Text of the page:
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Ancient Pirates’ Lair

Filed under: General,global islands,nicaragua — admin @ 5:39 am

Pirates and turtle hunters once hid in the Miskito Cays, a group of islands off the east coast of Nicaragua. These islands include San Andrés, Providencia, and Corn Island, to name a few. Politically, the islands are split between Colombian and Nicaraguan rule, with some smaller ones falling under the possession of the Miskito Indian Nation. Now, human occupation has robbed these islands of many of their original treasures as introduced plants and animals, as well as conversion of forests to farmlands, have displaced many native species. Isolated patches of native trees grow like scattered jewels across the landscape.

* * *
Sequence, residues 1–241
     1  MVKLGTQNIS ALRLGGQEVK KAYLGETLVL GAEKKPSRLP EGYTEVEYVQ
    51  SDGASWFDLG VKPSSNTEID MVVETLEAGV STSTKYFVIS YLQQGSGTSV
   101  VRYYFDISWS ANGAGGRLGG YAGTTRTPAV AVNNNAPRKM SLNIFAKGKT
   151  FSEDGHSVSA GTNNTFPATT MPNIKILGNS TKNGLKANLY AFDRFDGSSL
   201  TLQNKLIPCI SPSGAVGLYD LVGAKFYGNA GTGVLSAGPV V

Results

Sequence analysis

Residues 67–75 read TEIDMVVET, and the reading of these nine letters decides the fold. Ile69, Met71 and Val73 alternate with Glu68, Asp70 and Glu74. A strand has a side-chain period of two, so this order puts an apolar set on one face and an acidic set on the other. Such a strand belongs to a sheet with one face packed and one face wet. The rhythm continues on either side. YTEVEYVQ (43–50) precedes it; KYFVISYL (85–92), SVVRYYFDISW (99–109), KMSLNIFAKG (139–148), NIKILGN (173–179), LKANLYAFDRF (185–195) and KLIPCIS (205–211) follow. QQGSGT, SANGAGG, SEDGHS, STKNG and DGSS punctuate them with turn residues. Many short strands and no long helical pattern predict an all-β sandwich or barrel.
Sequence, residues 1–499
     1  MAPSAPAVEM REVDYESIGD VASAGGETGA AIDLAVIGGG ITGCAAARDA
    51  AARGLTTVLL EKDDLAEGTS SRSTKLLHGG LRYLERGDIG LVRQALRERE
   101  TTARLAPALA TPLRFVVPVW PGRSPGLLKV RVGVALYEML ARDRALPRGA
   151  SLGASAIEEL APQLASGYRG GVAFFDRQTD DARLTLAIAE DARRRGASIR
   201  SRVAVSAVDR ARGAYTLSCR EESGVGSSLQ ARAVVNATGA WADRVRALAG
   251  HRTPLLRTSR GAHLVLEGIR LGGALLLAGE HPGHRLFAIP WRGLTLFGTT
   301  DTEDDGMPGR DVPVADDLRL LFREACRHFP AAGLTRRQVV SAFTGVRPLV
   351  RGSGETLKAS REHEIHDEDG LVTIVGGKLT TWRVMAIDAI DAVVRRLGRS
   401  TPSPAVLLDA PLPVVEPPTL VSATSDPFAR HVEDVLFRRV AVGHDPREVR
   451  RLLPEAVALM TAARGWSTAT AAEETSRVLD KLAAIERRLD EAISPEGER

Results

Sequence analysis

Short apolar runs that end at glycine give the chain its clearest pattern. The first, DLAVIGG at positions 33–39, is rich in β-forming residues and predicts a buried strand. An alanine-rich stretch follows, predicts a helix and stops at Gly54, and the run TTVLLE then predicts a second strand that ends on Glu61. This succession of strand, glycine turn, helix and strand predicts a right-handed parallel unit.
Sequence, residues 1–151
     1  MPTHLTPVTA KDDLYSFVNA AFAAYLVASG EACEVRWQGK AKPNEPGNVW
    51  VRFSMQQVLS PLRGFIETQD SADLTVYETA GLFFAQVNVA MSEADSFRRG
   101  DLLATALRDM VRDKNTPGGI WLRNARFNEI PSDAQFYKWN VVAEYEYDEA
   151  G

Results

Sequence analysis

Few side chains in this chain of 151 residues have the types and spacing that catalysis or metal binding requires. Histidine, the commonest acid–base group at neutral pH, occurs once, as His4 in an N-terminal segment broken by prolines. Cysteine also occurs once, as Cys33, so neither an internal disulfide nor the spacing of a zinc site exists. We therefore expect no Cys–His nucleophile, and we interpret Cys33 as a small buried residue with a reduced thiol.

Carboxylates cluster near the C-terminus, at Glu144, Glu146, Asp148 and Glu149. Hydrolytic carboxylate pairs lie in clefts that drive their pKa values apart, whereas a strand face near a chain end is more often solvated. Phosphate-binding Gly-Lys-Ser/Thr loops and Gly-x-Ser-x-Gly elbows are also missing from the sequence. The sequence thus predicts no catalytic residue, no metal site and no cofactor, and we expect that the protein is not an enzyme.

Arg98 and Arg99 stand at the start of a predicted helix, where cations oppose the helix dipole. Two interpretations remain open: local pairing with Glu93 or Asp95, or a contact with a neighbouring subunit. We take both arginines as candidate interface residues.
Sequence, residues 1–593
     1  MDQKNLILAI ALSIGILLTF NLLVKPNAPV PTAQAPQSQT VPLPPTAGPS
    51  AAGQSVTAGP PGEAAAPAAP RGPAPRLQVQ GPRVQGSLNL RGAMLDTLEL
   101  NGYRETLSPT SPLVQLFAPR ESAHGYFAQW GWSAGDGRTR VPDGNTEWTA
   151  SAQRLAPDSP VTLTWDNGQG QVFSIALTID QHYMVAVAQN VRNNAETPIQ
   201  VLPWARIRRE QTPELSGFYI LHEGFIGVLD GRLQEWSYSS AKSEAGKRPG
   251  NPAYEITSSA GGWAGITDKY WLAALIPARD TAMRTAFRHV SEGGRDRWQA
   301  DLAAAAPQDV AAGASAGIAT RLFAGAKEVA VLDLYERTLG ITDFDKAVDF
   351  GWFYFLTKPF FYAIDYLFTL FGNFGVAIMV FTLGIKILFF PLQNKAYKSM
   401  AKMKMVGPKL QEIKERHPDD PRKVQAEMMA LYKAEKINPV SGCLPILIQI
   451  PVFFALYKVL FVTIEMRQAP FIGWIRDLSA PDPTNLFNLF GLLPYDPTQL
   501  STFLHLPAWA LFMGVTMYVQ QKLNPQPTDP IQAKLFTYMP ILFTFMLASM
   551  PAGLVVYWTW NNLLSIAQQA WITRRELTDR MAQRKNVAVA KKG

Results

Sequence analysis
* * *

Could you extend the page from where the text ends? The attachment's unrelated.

Though very little forest remains on the habitable islands in the Miskito Cays, there is a wealth of life in the water surrounding them. A labyrinth of coral reefs winds through the cobalt waters of the Caribbean Sea, supporting rich communities of marine organisms. Mangrove forests cling to the shore, with the trees’ spindly roots creating a thicket as they reach through the water and into the mud and sand below. The shelter provided by these roots is a treasure trove for crabs, mollusks, and juvenile fish. Behind the mangroves, strands of moist forests dot the landscape like emeralds. Remaining forest fragments host several endemic species. Hurricanes have played a major role in shaping the vegetation here–which tends to be short and dense on the windward side of the islands, getting progressively taller on the leeward side and in areas protected from heavy winds.

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